Who let the dogs out?

I didn’t want a puppy and now that we have one, I still don’t. Everyone tells me “It’s like having a new baby.” I set them straight and say babies don’t chase you around the house nipping your ankles, chewing power cords and swallowing rocks. They smile and nod. It seems like the conspiracy of childbirth, the general amnesia and softening out the edges of traumatic memory.  I still remember! When people I know have babies, I don’t ask them the name or how heavy or the gender, I ask them how horrific it was, how long it went on, who was there with them, which drugs and did they get a private room to hide in quietly and cry. Having babies is hard core. Surely a puppy would be a walk in the park, so to speak.

Not so much. Although he was officially given the name Jasper, he quickly progressed to other names. These included Bitey McBite-face, his night-time name of Whiny-Whiny boy-dog and another impolite habit earned him the title of Humplestiltskin. The day he arrived I was unpacking the dishwasher when he launched a posterior attack. His jaw locked tightly around my ankle, his piranha sharp teeth firmly embedded. The children ran to their bedrooms and closed the door and my husband watched in horror. This wasn’t exactly the way we imagined it might be, like in those toilet paper ads with the cute music and the baby puppies licking the kid’s faces as they all cuddle and roll in the grass. We didn’t get that dog.

We take photos when he is not biting the girls and post them on social media. The world comes to visit. We make appointments for puppy cuddles, people arrive at the same time and it is overwhelming for him. He licks, bites, snuggles and runs away. We hear the advice about the ticking clock, the hot water bottle, we had already tried both without success, we listen to the advice of letting him sleep with us, sleep without us, inside and outside dogs. My neighbour reminds me of the python we had last year in the garden. We listen and can’t process it all. It’s like learning a new language. By the time a school mum mentioned anal gland draining, I just blocked it out.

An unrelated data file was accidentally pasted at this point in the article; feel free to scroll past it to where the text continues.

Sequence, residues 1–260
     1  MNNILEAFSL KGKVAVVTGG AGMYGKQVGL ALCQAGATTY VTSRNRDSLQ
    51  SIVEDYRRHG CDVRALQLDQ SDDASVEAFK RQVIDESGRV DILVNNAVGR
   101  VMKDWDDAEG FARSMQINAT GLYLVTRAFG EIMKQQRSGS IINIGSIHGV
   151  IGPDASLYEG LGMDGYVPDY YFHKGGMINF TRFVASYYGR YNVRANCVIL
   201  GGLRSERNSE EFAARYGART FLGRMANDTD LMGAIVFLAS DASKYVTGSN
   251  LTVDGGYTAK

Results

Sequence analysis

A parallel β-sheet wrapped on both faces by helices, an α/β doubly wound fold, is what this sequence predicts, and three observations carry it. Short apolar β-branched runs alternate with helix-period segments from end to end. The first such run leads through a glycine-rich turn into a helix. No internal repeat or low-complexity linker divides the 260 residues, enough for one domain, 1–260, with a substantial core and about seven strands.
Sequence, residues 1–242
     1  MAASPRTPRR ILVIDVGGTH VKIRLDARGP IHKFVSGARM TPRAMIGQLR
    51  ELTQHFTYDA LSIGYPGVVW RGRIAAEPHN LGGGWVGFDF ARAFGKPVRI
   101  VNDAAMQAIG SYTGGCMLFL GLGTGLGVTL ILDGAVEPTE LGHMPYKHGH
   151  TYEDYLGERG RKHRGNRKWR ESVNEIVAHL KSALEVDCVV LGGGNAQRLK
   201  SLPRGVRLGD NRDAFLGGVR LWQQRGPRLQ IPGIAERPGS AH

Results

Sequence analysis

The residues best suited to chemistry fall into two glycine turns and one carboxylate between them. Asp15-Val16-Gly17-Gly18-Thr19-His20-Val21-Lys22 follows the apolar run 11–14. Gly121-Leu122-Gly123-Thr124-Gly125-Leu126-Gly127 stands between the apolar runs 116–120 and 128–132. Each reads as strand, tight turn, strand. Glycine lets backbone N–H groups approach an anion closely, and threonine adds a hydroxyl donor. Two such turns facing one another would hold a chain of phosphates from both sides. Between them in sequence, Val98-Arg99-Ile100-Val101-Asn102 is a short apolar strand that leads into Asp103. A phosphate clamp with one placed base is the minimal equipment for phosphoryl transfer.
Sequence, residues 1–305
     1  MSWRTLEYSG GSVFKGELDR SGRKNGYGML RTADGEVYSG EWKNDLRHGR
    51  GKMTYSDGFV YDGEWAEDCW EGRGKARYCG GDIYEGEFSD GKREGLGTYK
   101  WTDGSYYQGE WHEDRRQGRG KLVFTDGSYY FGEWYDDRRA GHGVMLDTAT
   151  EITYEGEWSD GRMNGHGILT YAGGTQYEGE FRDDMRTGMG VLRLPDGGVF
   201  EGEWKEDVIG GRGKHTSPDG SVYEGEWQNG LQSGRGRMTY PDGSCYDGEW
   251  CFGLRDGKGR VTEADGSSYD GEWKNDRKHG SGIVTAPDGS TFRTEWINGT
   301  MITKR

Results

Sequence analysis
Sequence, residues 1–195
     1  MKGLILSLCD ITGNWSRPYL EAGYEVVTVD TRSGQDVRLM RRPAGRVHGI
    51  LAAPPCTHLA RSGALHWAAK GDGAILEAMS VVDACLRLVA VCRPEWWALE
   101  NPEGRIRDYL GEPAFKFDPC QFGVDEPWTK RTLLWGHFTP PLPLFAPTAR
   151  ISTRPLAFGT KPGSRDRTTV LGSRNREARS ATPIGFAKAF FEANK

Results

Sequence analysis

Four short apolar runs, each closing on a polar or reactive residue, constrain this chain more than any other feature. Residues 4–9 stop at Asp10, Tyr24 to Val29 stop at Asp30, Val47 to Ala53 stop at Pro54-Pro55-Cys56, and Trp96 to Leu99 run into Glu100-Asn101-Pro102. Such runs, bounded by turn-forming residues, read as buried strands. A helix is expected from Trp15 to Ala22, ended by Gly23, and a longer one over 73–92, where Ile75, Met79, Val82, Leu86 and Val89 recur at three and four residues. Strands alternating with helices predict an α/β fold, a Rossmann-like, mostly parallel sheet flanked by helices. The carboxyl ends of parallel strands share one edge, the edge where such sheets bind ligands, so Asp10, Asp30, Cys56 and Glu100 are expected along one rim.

I get used to getting up twice or three times a night to stand out in the cold watching him pee. I think about the people who said it’s like having a baby, it is and it’s not. At least babies have nappies and don’t shit on the carpet. Our house is tracked with mud and grass and smells like poo. My hands look like a bare knuckle fighter, bloodied and scabbed.

He continues to cry and yelp and whine when we put him to bed. I text my next door neighbour at 9:40pm to apologise for the noise; she has two dogs. She understands. We have moved him from the laundry with toddler gates, where he cried and peed, then to the en-suite so he can see us. He flings himself at the bars like he’s been falsely imprisoned. He bites the edges of the shower tiles; I suspect he is filing his teeth. He yanks down my bathrobe from the back of the door and humps it.  He growls and bites and chews my bedside table legs when I take him out to passify him and let him sleep beside me.

On the third night we are both on the bed with our feet up screaming at each other. “Why is the dog tearing around?” I flip up my eye mask and check the time its 12:02am “Why are you coming in at midnight?” I shriek at my husband.  “The World Cup was on!” The dog is jumping up at the bed growling and biting. I am so tired, it feels like we are both in a sinking boat with a wild storm and huge waves thrashing us. “ I don’t know what to do with him,” he says. “I hate him,” I cry “ I want to send him back!” around and around the bed the dog races with his high pitch bark and growling and now I get the meaning of the word throw cushion. I want to hurl these at him and stop the noise. Instead I let him lick Rescue Remedy from my fingers and put amethyst and rose quartz crystals in his water. “Like that’s going to help,” mutters my husband. Eventually we all sleep.

I speak to my family and friends about his behaviour and they mention crates. I get one from K-mart which is fabric and an inoffensive colour and cheap. On the way to the vet he tries to rip it apart, I see the whites of his eyes and his bared teeth and growling while he carries on like a mini Cujo. I have to pull over and stop a few times to let his head out of the zip at the top. He escapes and walks over my lap and chews on the handbrake. I’m reminded of the Afrikaans saying “Buying cheap is buying expensive.” I know I need to get a proper sturdy crate and give this one to someone with an aloof cat.  He starts looking up when I call him Silly-dog.